Re-defining Science approach: accounts of how we improved our Science curriculum (part 3)




Re-defining our approach-Science curriculum rationale


Our work on the Science curriculum has been inspired following my visit to Michaela school. In January I attended a Science conference which covered their best practice. A segment that I was intrigued by was their work on booklet design and sequencing the curriculum. According to Michaela School, sequencing the curriculum is more important than the actual activity in the lesson. They use the specification and list links between key ideas:


This image illustrates their thought process on how they create these crucial links in their curriculum. They logically link key concepts, so they are easy to grasp and build on these ideas. They believe fundamental ideas need the most amount of fluency, so they ensure they revisit them. They spend most of the curriculum planning time on content related discussions and writing.

So, what actually is sequencing?


After the conference, we did a little bit of research behind what sequencing was and why any school would spend such a long time discussing how to arrange content in the Long-Term Plan. According to Tom Sherrington & Oliver Cavigliolo, the purpose of sequencing the curriculum is so that there is a coherent flow, allowing ideas to build on secure knowledge. This is staged deliberately in the curriculum, by building step by step towards a challenging goal.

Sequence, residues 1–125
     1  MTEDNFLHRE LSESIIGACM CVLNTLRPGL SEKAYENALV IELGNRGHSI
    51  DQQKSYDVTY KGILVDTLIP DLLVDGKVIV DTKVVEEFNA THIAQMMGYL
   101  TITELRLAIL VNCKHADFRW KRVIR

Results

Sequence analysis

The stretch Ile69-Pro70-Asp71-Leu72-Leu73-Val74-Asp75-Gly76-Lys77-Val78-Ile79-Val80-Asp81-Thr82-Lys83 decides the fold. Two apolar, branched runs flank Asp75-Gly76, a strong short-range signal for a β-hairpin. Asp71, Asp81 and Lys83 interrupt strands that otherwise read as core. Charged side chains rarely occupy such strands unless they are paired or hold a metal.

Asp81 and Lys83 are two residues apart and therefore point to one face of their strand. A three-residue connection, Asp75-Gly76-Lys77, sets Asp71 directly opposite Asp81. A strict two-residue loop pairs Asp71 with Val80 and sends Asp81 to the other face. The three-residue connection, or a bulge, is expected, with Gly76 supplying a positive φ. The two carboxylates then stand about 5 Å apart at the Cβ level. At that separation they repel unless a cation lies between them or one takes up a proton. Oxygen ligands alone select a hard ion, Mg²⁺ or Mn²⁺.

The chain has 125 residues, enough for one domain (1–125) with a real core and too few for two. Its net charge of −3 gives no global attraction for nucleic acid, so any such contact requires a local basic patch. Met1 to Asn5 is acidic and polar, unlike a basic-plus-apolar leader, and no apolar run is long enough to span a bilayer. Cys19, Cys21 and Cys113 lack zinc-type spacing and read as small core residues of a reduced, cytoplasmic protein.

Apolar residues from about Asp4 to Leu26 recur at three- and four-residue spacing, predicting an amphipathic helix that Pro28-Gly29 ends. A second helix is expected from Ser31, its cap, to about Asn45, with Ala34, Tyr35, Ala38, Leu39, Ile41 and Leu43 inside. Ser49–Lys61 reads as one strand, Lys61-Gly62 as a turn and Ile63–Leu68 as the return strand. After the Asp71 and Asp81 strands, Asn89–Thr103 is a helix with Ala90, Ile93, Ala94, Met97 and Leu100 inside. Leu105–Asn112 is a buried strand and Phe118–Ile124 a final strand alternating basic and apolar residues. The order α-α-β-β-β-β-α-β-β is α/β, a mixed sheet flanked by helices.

This sounded very familiar to what we were already doing with our KOs on DPR. Our KOs progressively get harder each year and we build them up step by step to our final Year 11 KOs.


However, an integral part of sequencing is that it creates authentic connections, which allows teachers to teach knowledge to be remembered and not encountered. This method of feeding topics into topics they already know, helps students accumulate knowledge over time.

How did we sequence at the CST?


Prior to the work on sequencing, last year the science team at the CST worked on the curriculum to ensure it reflected the qualities of a spiral curriculum. This is when content is spaced out and is regularly revisited throughout the years. By revisiting topics, at incremental levels of difficulty, the students build up their understanding of key concepts, so as they mature, they make conceptual links and integrate prior knowledge with new knowledge.


Utilising this fantastic foundation, we decided, in order to sequence this curriculum, we needed to create links within each year group. This has meant that we will not be teaching the KOs in a linear manner in order to form authentic connections. This is an example of an annotated LTP:



We still revisit content every year within the curriculum. We’ve fine-tuned the work so that we can create links between each topic. Here we’ve created links between KO2 and KO4, ensuring we are building up prior knowledge to secure new knowledge.


Curriculum work is something that will always need amending. I don’t believe there’s anything such as a perfect curriculum. What we can do is use good practise, research and common sense to fine-tune and alter our curriculum, to make it the best possible. I anticipate that we will always be working on the Science curriculum to try and achieve the best outcome for our pupils.